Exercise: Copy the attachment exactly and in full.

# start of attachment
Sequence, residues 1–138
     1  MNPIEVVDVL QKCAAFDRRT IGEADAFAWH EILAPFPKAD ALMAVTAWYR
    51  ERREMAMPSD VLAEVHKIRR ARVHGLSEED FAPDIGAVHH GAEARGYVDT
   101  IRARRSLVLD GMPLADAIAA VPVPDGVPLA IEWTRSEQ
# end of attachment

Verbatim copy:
Sequence, residues 1–138
     1  MNPIEVVDVL QKCAAFDRRT IGEADAFAWH EILAPFPKAD ALMAVTAWYR
    51  ERREMAMPSD VLAEVHKIRR ARVHGLSEED FAPDIGAVHH GAEARGYVDT
   101  IRARRSLVLD GMPLADAIAA VPVPDGVPLA IEWTRSEQ